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September 2019

Federal Government Sues City of Troy, Michigan for Violation of RLUIPA

The Department of Justice (DOJ) has brought suit against the City of Troy on behalf of a Muslim organization that alleges violations of the Religious Land Use and Institutionalized Persons Act of 2000 (“RLUIPA”). RLUIPA is a federal law that protects the First Amendment rights of religious assemblies of all faiths to open houses of worship. The lawsuit is part of a nationwide program on the part of the Department of Justice to protect religious liberties – the Place to Worship Initiative.

The lawsuit, filed in September in the U.S. District Court for the Eastern District of Michigan, was brought on behalf of the Adam Community Center, an Islamic organization that sought to open a house of worship in Troy. The organization’s request to open the house of worship along with a banquet hall and community center was denied by the city last year.

RLUIPA was enacted to protect religious organizations of all faiths from improper land use decisions made at the local government level. 42 U.S.C. §§ 2000cc et seq., RLUIPA’s Equal Terms provision, establishes that “[n]o government shall impose or implement a land use regulation in a manner that treats a religious assembly or institution on less than equal terms with a nonreligious assembly or institution.” 42 U.S.C. § 2000cc(b)(1), RLUIPA’s Substantial Burden prong, precludes local government from placing a substantial burden on a religious organization’s religious exercise unless the government action is narrowly tailored to serve a compelling government interest.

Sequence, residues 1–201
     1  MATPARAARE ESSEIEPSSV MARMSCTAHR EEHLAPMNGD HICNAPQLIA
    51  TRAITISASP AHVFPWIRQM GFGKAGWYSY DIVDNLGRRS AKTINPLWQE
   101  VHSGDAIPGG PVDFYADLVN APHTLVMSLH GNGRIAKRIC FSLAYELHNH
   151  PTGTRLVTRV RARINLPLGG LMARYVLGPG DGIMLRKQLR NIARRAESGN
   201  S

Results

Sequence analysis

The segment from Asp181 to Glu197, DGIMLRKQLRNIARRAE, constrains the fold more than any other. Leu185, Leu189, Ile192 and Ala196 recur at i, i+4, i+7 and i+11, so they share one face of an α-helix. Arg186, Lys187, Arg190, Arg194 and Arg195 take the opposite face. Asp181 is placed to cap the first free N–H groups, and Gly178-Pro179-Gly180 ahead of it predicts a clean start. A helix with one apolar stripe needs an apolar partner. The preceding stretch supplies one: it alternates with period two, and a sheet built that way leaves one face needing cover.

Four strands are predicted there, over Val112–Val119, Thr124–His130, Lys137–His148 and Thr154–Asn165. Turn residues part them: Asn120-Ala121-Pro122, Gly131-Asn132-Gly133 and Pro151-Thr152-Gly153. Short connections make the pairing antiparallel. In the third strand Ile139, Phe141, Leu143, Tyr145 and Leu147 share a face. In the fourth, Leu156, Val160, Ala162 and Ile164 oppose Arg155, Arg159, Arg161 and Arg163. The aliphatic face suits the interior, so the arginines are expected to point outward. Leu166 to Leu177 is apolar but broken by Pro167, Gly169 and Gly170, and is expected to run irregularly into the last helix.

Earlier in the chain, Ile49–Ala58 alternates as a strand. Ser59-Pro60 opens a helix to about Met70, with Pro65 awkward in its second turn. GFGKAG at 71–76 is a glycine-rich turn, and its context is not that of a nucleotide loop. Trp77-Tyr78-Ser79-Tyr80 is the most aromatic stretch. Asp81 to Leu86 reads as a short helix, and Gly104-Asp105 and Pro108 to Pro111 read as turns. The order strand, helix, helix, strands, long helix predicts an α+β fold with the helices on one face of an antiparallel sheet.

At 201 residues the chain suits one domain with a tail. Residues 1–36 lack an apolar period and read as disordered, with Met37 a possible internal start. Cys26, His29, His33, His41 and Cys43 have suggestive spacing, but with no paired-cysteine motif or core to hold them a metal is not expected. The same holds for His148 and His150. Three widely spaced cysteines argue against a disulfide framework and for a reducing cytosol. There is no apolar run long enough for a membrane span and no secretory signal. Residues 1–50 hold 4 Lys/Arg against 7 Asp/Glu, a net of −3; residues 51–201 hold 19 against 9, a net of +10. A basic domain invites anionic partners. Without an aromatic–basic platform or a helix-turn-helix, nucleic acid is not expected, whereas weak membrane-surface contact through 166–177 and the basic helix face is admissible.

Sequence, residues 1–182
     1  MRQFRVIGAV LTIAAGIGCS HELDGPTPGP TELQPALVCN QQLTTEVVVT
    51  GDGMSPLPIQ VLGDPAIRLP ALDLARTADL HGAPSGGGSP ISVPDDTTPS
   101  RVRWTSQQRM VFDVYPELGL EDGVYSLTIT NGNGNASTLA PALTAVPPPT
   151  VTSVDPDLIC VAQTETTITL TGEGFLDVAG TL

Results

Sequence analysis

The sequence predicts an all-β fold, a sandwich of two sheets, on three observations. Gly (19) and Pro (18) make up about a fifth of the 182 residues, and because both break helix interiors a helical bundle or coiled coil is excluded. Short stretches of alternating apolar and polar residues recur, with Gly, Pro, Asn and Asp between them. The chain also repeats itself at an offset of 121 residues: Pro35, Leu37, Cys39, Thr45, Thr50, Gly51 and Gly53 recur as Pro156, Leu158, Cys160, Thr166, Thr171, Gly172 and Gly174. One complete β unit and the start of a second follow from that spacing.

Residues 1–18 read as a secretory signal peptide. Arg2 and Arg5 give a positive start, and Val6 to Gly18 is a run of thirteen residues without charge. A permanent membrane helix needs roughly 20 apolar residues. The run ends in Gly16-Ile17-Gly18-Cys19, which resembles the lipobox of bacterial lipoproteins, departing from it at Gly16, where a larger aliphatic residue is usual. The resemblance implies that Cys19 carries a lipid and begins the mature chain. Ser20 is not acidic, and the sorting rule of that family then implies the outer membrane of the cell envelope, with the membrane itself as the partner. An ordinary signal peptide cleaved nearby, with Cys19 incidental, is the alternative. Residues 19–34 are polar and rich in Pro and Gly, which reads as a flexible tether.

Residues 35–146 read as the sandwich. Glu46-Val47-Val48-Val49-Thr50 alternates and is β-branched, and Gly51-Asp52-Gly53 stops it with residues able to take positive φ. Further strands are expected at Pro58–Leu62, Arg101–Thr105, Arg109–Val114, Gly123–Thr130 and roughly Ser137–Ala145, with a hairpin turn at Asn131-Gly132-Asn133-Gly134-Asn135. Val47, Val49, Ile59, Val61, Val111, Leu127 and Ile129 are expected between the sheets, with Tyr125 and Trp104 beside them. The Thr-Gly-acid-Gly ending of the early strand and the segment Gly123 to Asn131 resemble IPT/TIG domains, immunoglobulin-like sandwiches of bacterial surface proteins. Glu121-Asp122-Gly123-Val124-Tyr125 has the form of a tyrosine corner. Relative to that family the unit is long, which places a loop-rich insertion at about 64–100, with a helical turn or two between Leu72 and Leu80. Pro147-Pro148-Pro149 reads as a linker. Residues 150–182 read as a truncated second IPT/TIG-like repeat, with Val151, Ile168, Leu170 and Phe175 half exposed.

The Adam complaint states that, in 2018, after a nine-year search for a permanent location in Troy, the center acquired a building in the General Business District to use as a community center and place of worship. The city’s zoning laws allow a nonreligious place of assembly, such as a theater or banquet hall, to use the same building without seeking dimensional variances. However, Adam intended to use the property as a house of worship, it had to comply with dimensional variances in the City’s code of ordinances.

These allegations of disparate treatment between assemblies with religious as opposed to nonreligious purposes for their assembly are similar to that found in the case of River of Life Ministries, an FBMJ client who prevailed on such an Equal Terms claim in July. For more information about that case, please click here.

Troy’s Zoning Board of Appeals denied the Adam Community Center’s application for the dimensional variances. The complaint alleges that the city’s denial of approval for the center, and its unequal treatment of all places of worship in the city compared to nonreligious uses, violates the Equal Terms provision of RLUIPA. The suit also alleges that the city’s actions imposed a burden on the center’s religious exercise in violation of another provision of RLUIPA.

Foley, Baron, Metzger & Juip attorneys assist clients in Michigan and around the United States with land use litigation matters based on RLUIPA, the First Amendment, and other constitutional and federal law provisions. For more information on RLUIPA and similar land use and constitutional matters, please contact attorney Daniel Cortez at 734-742-1800.